This piece in my morgue file was inspired by a prompt given for a writing contest. The prompt consists of the first several lines of the story, ending with “Grammy hummed in agreement.”
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One night, a few weeks before the wedding, I heard Papaw telling Grammy that Mama should have waited longer than a year before hitching up with some new man. They sat in the TV room, rocking and talking. I was in the bathroom, but I wasn’t in the tub. I had my ear pressed right up against the door, listening.
“I’m telling you, Frannie,” Papaw said, “I don’t know what the dad-gummed hurry is with her. Our son hasn’t been in the grave a year yet.”
I heard the squeak of the floor as Grammy rocked. She didn’t speak. She never said much. Not out loud anyway.
“You think she’s marrying that fancy dude for his money?” Papaw asked.
Grammy snorted. I wanted to snort too, but then they’d have known I was eavesdropping, and Grammy hated that.
“I think she’s making a spectacle of herself, that’s what I think,” Papaw said.
I burned up at that. I knew what a spectacle was, even at 10 years old.
Grammy hummed in agreement.
I must have made a noise then, because the chairs stopped squeaking; I heard Grammy’s clothes crinkle as she turned. I could just see her, eyes squinted, staring hard at the door, through it, but it was Papaw who spoke.
“Helena, if you’re not in that tub in two minutes I’m gonna tan your hide.”
I felt my face go hot and turned to start the water.
Mama was a Rousseau. One of those Magickers from the wrong side of the tracks; that’s what Papaw said when I asked him why he and Mama never seemed to get along.
“They’re trouble, your Mama’s folk,” he’d said, “so many wards festoon those Rousseau yards you can hear ‘em buzzing a mile down the road and ain’t no reason to have so many ‘less you don’t want someone nosing around.”
“But Daddy didn’t think bad of Nana Jean and the others….”
“I loved your Daddy, lil’ bit, but he didn’t have the sense he was born with when it came to your Mama or her family.”
That was what killed him.
Nana Jean and her sister had a little shop at the edge of town where they sold charms, like fairy stones, Dreamcatchers, and scrawny-feathered chicken feet gris-gris that were supposed to identify good people and repel the bad ones.
But I always heard things…about the stuff they kept in the back of the shop. Stuff only special customers got to see.
People in town didn’t like that.
Neither did the other Magickers.
The night a bunch of them decided to do something about it, Daddy was in the shop doing the inventory. Whatever charm they used made sure he never smelled the smoke.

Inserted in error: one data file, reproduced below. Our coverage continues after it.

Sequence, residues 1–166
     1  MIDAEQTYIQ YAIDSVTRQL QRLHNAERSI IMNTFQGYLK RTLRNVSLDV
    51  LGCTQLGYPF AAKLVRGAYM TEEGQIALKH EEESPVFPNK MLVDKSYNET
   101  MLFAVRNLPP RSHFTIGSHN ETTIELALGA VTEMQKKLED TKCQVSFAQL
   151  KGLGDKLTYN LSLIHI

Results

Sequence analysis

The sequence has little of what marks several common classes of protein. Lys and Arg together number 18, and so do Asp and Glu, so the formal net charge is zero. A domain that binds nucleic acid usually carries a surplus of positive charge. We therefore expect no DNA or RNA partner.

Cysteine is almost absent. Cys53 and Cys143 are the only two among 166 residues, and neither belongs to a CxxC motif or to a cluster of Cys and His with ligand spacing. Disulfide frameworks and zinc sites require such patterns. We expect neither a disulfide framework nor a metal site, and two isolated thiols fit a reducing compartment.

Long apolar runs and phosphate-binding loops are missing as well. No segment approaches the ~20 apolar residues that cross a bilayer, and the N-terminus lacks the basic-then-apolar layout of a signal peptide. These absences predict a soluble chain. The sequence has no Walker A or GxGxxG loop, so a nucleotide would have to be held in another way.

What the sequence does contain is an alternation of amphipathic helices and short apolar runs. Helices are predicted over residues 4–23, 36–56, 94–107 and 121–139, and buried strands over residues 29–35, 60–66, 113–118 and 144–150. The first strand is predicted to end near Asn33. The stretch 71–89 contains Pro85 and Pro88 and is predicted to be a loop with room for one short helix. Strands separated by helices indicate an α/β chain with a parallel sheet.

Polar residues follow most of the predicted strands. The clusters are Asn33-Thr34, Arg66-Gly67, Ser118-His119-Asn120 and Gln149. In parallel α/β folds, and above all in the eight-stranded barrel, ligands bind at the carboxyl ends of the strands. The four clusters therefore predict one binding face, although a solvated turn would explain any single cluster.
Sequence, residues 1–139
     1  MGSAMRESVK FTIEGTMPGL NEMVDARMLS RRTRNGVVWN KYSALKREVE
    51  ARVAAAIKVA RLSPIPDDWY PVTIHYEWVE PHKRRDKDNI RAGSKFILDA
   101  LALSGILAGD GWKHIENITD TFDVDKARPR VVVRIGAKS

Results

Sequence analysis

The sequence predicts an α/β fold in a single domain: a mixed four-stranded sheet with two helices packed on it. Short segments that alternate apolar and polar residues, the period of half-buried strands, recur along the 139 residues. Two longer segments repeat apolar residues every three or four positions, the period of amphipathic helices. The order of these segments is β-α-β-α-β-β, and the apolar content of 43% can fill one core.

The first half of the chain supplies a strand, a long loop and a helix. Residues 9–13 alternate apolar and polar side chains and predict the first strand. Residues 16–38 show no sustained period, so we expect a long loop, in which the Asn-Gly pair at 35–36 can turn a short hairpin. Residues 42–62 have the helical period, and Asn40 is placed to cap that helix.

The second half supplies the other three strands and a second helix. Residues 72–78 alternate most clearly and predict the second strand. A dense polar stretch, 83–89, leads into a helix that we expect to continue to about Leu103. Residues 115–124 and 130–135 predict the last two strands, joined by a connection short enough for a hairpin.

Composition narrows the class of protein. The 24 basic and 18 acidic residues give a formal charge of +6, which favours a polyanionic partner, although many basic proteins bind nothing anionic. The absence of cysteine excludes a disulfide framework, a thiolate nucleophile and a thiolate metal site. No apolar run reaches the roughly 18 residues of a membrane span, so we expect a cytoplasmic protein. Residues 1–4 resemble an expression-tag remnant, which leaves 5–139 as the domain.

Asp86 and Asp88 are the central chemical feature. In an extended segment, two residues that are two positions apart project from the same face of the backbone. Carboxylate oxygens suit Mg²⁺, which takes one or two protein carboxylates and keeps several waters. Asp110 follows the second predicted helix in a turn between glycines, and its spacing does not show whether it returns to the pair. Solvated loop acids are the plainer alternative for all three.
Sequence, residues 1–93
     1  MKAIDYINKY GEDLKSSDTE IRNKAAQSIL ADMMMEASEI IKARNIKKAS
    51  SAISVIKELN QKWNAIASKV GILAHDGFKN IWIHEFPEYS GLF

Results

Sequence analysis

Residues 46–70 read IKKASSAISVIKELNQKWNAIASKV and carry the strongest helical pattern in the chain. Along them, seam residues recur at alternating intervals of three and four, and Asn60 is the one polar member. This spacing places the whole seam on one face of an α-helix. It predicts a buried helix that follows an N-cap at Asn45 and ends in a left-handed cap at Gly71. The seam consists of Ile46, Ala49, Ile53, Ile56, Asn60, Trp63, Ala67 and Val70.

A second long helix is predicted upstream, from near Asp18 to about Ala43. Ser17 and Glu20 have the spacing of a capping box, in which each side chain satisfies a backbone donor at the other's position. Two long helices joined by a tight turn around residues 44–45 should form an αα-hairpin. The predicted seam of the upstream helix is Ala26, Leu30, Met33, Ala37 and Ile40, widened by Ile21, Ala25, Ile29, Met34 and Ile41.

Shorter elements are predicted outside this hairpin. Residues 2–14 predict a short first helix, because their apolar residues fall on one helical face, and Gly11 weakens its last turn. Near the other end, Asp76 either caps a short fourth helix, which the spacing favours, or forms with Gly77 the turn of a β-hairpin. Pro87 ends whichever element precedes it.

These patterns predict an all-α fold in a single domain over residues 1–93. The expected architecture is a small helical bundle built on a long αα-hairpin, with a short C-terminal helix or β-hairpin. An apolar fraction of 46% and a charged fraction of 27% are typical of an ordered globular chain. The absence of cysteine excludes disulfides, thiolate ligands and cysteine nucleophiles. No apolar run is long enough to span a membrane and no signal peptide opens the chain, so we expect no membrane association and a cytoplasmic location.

The firemen told Mama he still had his clipboard in hand when they found him.
No one knows who that group of Magickers was and no one ever cared to find out. Not the Sheriff. Not even Nana Jean. No matter how much Mama screamed and cried and threatened curses.
“Amelia,” Nana Jean had told her one night, her voice scratchy and tired and stern. “You don’t go courting trouble, ‘specially not after it’s already found you once.”
Mama stopped screaming after that. But she and Nana Jean no longer seemed to like each other.
Nana Jean had the shop rebuilt and Mama—despite not liking her too well—helped by making calls, stocking the new inventory, and occasionally running the shop.
That’s how she met Jacob.
He came into the shop, on the back of a summer storm, polished and put together in a dark suit. The chicken feet, hanging on their display, did a little dance when he walked past them, reaching for him with their black claws.
Read more after the jump.
Jacob gave Mama a necklace of coral so white that it looked like bone. It’d been passed down from his grand-mama, he’d said.
When Mama showed it to Grammy, Grammy picked it up like you’d take a house rat by the tail and said something too quiet for me to hear, but whatever it was it made Mama turn red. She’d snatched the coral and stomped out of the house.
I spent less time with Grammy and Papaw after that and more time with Mama and Jacob. He took us to places no one ever took us to: out of town museums, carnivals, even to the beach, though it was well over a day away.
And he never seemed bothered by the whispers of the town or the way some of the Magickers would talk to him when he was out with us. More than once, Jacob sent the nosier Magickers moving very fast away from him.
He was hardly a Magicker. But to see him when someone said bad things about me or Mama might make you forget that.
I heard raised voices in the kitchen as I got out of the tub, Grammy’s and Mama’s. And then I heard Jacob’s voice, low and slow and saying the wedding was going as planned, thank-you-very-much, and if she and Papaw didn’t want to come that was fine and they should just stay home so as not to spoil a special time. He wasn’t going to see Mama upset.
Poking my head into the kitchen,I saw Grammy staring hard at them both.
“Fine. Why don’t you just sit down? Dinner’ll be ready soon.”
“Thank you,” Jacob said, smiling at Mama, “it smells delicious.”
Papaw came in a while later to find us spooning up stew; he glanced at Grammy but he didn’t say a word.
Papaw stayed that way for the next two weeks, sharing Grammy’s habit of humming and nodding.
At the wedding they hummed like wards and didn’t smile at anyone, but they congratulated Mama and Jacob and went away with a little piece of cake and, funnily, one of the chicken feet gris-gris.
As they walked past Jacob, I saw Grammy give a little jump as the chicken foot dangling from her fingers started to wiggle.